Migration and the journey to integration and community development (Inclusion, the key to prosperity. The dynamics of migration, poverty and social exclusion, European Commission, Praxis and the Joseph Rowntree Foundation), November 2010 [ppt]

Doug Saunders with Michael Keith as respondent: Arrival City: How migration is reshaping our world (RSA), May 2011 [Listen to the audio full recording including audience Q&A; Watch the video edited highlights]

The Human City (New Cities Forum plenary), June 2013


Nostalgia and diversity: Understanding integration at the local level

This was published in the COMPAS Blog in May 2013.

Bermondsey, Ben Gidley 2013

They never call it Bermondsey any more
A couple of weeks ago, in Bermondsey, South London with my colleagues Ole Jensen, Simon Rowe and Ida Persson, we met a man called Albert, at the entrance to his council flat. Born on Christmas Day 1926, Albert had lived his whole life in Bermondsey (apart from his national service at the end of the war, spent in Scandinavia). He had lived over half a century in his current flat, since it had been built as part of the massive post-war social democratic housing expansion whose legacy completely dominates the landscape of South London. He worked as a drayman at the Courage brewery, brought up three daughters and a son – and slowly watched his neighbourhood change almost beyond recognition.

The Metropolitan Borough of Bermondsey was merged into the London Borough of Southwark in 1965. Its town hall had been bombed in the war, and Bermondsey no longer exists as an administrative unit. “They never call it Bermondsey any more”, Albert insisted. At its height, the docks employed huge numbers of men; the Peek Frean biscuit factory employed thousands of women. The docks closed one by one from the 1960s, the brewery closed in 1981, and the biscuit factory houses work units for creative businesses. The council estates are no longer sites of utopian hope but now carry the stigma of residualised poverty. A tidal wave of gentrification ripples down from the riverside, and the UK’s decade of mass migration has transformed the demographics. Continue reading


The Athens Workshop: Global Migration and the Right to the Cities of the Future

The athens workshopHere is the programme of the Athens Workshop: Global Migration and the Right to the Cities of the Future, 7th of December 2012 (10.00-13.00 Presentations, 14.00- 15.30 Open Discussion), Harokopio University, El. Venizelou 70, Kallithea, Athens

– Prof. Michael Keith (Director of COMPAS, University of Oxford) – Migration and the rights to the city: rethinking the urban basis of integration
– Dr. Ben Gidley (Senior Researcher, COMPAS) – The changing face of the European city: Global migration, economic crisis, neighbourhood change and spatial exclusion
– Prof. T. Maloutas (EKKE National Centre of Social Research & Harokopio University) – Immigration, segregation and gentrification in Athens since the early 1990s.
-Ass. Prof. Apostolos Papadopoulos (Harokopio University) – African Migrants at the centre of Athens
– Dr. Vassilis Arapoglou (Department of sociology, University of Crete) – Governing the in-cohesive city: From basic assumptions to democratic passions.

Thanks to George Mavrommatis for co-organising

 


Changing London: Selling out

From The Economist:

Brixton, once the heart of black Britain, is now a black shopping destination

Hurry up, dear. I need to get back to Croydon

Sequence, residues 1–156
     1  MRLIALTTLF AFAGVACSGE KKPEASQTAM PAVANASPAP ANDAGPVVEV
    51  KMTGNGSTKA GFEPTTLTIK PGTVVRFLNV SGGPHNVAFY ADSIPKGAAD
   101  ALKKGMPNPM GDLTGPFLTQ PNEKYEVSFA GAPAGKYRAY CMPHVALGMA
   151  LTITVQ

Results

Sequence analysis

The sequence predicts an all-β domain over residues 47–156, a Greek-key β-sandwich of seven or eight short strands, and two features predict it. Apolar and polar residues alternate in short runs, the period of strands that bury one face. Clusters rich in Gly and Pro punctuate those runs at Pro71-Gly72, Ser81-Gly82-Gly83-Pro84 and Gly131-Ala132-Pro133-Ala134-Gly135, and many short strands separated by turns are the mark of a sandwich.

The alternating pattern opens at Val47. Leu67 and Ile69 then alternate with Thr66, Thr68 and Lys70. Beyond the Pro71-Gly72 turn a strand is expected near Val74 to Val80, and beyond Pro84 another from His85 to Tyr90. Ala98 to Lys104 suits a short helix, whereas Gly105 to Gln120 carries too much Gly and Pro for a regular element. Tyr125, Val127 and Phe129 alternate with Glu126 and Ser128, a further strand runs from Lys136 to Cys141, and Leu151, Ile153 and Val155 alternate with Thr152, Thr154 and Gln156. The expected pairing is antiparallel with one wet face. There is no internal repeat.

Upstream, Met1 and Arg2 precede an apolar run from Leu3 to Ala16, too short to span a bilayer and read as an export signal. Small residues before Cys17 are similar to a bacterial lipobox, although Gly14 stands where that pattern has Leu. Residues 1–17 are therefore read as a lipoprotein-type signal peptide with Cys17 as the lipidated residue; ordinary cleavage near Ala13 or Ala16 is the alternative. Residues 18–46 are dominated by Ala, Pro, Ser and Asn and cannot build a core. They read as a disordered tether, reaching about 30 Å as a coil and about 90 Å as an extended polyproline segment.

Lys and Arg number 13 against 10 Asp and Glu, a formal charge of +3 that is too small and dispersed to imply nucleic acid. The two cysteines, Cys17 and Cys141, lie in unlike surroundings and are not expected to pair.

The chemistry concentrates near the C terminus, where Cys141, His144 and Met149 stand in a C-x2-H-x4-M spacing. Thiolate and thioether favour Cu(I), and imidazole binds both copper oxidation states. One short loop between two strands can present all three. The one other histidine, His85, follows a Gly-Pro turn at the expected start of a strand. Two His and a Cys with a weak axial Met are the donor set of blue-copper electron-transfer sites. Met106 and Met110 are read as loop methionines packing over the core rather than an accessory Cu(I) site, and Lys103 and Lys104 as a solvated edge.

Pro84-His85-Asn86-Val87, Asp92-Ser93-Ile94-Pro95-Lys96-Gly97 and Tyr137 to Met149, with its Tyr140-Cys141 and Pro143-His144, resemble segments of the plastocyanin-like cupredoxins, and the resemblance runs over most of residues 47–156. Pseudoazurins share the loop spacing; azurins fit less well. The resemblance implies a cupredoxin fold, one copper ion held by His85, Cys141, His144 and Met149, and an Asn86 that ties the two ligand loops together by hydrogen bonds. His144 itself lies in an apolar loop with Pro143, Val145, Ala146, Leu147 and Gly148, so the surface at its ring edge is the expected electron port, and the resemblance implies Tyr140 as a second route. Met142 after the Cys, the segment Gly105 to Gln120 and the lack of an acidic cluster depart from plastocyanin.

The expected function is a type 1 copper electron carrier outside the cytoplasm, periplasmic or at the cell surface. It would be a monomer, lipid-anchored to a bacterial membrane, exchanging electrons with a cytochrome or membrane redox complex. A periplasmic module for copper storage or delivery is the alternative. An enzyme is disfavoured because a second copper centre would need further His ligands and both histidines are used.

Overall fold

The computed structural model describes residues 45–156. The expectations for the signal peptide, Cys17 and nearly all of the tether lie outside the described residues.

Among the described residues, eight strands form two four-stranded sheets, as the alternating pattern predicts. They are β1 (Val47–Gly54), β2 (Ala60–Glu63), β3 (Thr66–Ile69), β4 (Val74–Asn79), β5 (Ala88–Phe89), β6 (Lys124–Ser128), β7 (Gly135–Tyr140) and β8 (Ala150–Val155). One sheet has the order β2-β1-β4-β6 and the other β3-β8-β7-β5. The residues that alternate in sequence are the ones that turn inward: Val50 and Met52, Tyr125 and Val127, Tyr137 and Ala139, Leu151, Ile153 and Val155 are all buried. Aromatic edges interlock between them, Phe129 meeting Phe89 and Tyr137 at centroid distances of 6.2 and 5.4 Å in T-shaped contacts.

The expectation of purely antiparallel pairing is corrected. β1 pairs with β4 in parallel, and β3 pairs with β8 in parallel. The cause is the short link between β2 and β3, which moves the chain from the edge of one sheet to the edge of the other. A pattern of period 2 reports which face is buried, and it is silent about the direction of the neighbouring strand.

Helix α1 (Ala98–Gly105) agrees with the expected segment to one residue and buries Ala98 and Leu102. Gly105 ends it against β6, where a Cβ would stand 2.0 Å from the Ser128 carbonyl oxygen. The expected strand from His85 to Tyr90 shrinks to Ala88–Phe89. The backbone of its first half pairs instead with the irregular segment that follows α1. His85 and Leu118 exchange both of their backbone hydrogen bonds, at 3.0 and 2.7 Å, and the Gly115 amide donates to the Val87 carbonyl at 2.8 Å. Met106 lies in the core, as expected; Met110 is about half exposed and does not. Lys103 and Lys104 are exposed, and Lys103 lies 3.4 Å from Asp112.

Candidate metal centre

A GOOD deal has changed in Brixton, a south London district, since Eta Rodney bought her Victorian terraced house in 1980. Then many of her neighbours were, like her, Jamaican. West Indians had settled in Brixton since 1948, when some arrived on the Empire Windrush. Today many of Mrs Rodney’s black neighbours are selling up and moving out of the area, making way for predominantly white newcomers. Britain’s historic black centre is being transformed—but in an odd way.

An extract:

Yet there are many remnants of the old Brixton. In the streets outside Brixton Village it is still possible to buy plantains and chicken feet. Ben Gidley, a sociologist at Oxford University who is studying ethnic patterns of movement in south London, believes Brixton will hold onto its Afro-Caribbean culture longer than its Afro-Caribbean residents. It is becoming a new kind of ghetto, revolving around shopping rather than living.

[READ THE REST]

Not sure what I said exactly to be paraphrased like that…

 


Secret Streets

Drawn map of Deptford High Street, London

The Secret History of Our Streets has been a fascinating and brilliantly made BBC documentary series on London and its recentish historical geography. It tracks particular streets mapped by Charles Booth in the 1880s, with streets in Deptford, Camberwell, Bermondsey, Shoreditch, Caledonian Road and Notting Hill. The links in the previous sentence are to illuminating blog posts about these by Laura Vaughan of UCL’s Bartlett School. There’s also an Open University webpage and booklet with the series.

It’s quite strange for me, as I know Deptford High Street so well, and have recently been researching (with my colleague Ole Jensen) both Bermondsey and the very street in Camberwell, Camberwell Grove, the programme looks at.

The programmes have had some flaws, in particular the constant but un-articulated presence of the politics of race and racism, and occasional lapses into the kind of golden age discourse of nostalgia, melancholy and resentment that drives white backlash culture.

Here are some of the key links on the Deptford programme, which was both excellent TV and the most flawed of the series, via BfB: “Ken’s responsethe Brockley Central discussion thread,the Crosswhatfields postthe Deptford Dame’s responseCaroline’s comments… Bill [Ellson]’s post on sexy fish and the Les Back/Dawn Lyons production it links to.” In addition, read Bill’s return to the question of fish;  the definitive account of Deptford, Jess Steele’s Turning the Tide; and  Deptford: Putting the Record Straight, produced by friends and family of Nicholas Taylor.

If you are interested in Booth, read the Occasional paper I wrote about him [.pdf] a decade ago.